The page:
By Patrick Vignal
KNYSNA, South Africa (Reuters) - France have picked a World Cup hotel which is far too flashy and they will have to account for it if they make an early exit, the country's sports junior minister said on Sunday.
France, whose popularity at home has reached a depressing low after a string of uninspired performances, arrived at the Pezula Resort, a luxury hotel at Knysna on the scenic Western Cape coastline on Saturday.
"Personally I would not have chosen that hotel," junior minister Rama Yade told French radio station radio J. "I had asked football authorities to show decency. In times of crisis, you need to think about it.
"If the team's results do not meet our expectations, the (French Football) Federation will have to account for this," she added.
The former world champions, who needed a controversial playoff win over Ireland to book a place at the finals in South Africa, are not considered favorites for the June 11-July 11 tournament, unlike Spain, who are staying at more modest accommodation.
"Spain, who belong among the favorites, have chosen a university campus," she said, referring to the North-West University at Potchefstroom, west of Johannesburg, where the European champions are staying.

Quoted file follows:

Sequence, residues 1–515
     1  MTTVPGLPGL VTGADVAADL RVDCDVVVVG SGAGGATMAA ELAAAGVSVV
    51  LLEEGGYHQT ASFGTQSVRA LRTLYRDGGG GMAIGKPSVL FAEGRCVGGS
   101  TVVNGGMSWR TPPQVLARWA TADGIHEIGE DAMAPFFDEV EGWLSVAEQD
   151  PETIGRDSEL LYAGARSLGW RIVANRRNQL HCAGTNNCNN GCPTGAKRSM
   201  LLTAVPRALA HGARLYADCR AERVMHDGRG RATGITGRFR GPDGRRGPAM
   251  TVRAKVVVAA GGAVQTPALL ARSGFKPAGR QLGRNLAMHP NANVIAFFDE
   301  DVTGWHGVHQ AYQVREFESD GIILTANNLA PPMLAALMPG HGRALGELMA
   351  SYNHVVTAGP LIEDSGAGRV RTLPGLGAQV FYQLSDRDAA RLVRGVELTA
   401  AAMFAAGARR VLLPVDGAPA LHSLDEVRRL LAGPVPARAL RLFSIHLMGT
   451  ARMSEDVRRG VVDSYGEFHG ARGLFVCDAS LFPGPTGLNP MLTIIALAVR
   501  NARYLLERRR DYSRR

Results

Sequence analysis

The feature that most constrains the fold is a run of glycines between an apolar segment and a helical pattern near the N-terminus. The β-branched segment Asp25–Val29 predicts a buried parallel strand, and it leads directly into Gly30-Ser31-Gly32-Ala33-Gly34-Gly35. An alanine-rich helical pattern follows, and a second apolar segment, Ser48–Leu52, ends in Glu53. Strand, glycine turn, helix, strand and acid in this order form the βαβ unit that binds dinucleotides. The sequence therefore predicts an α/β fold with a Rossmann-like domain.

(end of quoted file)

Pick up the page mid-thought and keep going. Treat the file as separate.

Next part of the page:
Described as "a sanctuary of privacy and indulgence" on it's website (www.pezula.com), the Pezula Resort boasts a secluded beach and stunning views of the Indian Ocean and the Knysna Lagoon.
"It's a very nice hotel," France playmaker Yoann Gourcuff told reporters on Sunday.
"We can prepare in ideal conditions. I'm very happy to be here but I didn't choose it."
Midfielder Alou Diarra sounded slightly irritated by the junior minister's comments.
"Many people must be jealous," he said. "We're very well looked after but that's not a secret.
"The minister has her opinion but we must not worry about such things. We are here to prepare for the World Cup and we must focus entirely on that."
France, who made an early exit from Euro 2008, are dreaming of a repeat of their surprise run to the 2006 World Cup final in Germany and Diarra said he could see a likeness in the two squads.
"There are similarities (with 2006)," Diarra said. "We're in the same state of mind."
Diarra admitted France still had work to do after slumping to a surprise 1-0 defeat by China in their final warm-up match on Friday but he believed they would be competitive when they tackle Uruguay in their first match on June 12 in Cape Town.
"We have a bit of time left to fine-tune everything," he said. "We'll be ready."
(Editing by Patrick Johnston)